New research from MIT says a decentralized protocol is a must for secure online voting, however the current online voting platform is too centralized and vulnerable.
The pandemic has forced many companies to move their operations online. It has also brought the question of online voting to the forefront of conversation in the United States, which is facing an election year.
According to a June 7 paper from researchers at the Massachusetts Institute of Technology and University of Michigan, Democracy Live’s popular online voting platform, OmniBallot, is vulnerable to vote manipulation. Many states have tried OmniBallot, which uses Amazon Web Services to lock in votes, but it has faced security issues. A more decentralized online voting is part of the solution to protect ballots, the researchers say.
Cryptographic end-to-end verifiability plays a key role
The researchers believe that a decentralized approach in which a voter does not need to trust a particular client device or official election software or servers is essential for secure remote voting.
As a solution, the researchers put forward an end-to-end verifiability protocol like cryptographic E2E-V. They say such a protocol would allow each voter to independently check whether their vote is correctly recorded and included in the election result. They emphasis that:
“Although experts hold that E2E-V should be a requirement for any Internet voting system, they simultaneously caution that “no Internet voting system of any kind should be used for public elections before end-to-end verifiable in-person voting systems have been widely deployed and experience has been gained from their use”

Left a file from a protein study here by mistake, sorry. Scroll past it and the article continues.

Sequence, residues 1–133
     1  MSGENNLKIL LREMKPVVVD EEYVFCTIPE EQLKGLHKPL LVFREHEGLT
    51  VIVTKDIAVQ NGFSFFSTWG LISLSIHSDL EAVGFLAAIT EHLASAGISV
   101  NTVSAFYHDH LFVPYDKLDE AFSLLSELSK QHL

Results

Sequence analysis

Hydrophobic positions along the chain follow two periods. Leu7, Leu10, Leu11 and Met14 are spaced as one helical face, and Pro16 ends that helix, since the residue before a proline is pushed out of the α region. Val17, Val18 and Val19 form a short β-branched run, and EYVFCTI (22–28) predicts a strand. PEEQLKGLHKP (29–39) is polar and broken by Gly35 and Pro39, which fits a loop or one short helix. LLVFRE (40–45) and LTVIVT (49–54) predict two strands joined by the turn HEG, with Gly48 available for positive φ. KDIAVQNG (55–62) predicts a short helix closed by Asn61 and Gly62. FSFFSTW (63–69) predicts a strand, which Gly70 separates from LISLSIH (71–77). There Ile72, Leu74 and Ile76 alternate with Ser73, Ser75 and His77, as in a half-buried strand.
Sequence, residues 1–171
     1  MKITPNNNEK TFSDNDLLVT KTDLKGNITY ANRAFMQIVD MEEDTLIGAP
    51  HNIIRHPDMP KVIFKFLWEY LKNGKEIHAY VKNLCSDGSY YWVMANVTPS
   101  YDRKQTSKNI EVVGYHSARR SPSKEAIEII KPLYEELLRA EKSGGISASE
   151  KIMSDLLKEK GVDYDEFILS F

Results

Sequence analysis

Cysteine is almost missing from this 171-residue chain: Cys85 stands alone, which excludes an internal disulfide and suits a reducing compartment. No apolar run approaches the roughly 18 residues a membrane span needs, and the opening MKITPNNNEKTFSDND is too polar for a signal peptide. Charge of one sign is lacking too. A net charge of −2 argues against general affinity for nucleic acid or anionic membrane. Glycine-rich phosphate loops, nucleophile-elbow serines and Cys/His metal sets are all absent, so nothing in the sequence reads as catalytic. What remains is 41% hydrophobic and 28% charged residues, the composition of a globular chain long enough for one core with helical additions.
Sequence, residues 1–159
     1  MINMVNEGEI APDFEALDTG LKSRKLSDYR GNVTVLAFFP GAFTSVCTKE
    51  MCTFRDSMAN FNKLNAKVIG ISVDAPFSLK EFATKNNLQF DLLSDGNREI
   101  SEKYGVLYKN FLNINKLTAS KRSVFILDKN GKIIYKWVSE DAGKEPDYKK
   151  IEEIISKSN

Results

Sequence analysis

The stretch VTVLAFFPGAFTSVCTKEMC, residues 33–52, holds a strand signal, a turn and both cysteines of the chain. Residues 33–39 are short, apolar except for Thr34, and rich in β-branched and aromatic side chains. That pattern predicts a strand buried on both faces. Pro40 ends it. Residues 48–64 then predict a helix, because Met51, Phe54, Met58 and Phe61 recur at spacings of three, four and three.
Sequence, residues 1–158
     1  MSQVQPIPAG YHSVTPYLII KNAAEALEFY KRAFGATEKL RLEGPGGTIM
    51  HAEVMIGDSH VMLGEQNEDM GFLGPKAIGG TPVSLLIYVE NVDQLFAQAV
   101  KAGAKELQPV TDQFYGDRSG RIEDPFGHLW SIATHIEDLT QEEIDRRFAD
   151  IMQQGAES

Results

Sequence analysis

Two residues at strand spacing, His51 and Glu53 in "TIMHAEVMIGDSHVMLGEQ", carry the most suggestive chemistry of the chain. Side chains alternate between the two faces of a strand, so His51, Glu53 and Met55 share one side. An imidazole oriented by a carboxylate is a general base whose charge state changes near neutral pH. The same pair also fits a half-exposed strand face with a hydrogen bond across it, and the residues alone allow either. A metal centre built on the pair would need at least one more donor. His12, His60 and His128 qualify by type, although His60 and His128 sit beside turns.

Online voting platform vulnerability
Studies found out that the OmniBallot platform’s simplistic web-based approach system and its extensive usage of third-party services and infrastructure is putting voters’ privacy and vote accuracy in jeopardy.
OmniBallot reportedly has no intention to seek any decentralized solution. The protocol it uses provides no way for anyone to verify that accuracy of the ballout sections. This will lead cyberattackers to gain control of the platform and change recorded votes without anyone even noticing.
In order to make votes more accessible to all, OmniBallot has turned the traditional voting of letting voters print ballouts and returning it through the mail to allowing voters to return their ballouts online. This web-based system handles blank ballot delivery, ballot marking, and online voting.
As Cointelegraph reported previously, Congress is looking into developing a blockchain-based end-to-end encrypted system to allow remote Senate voting.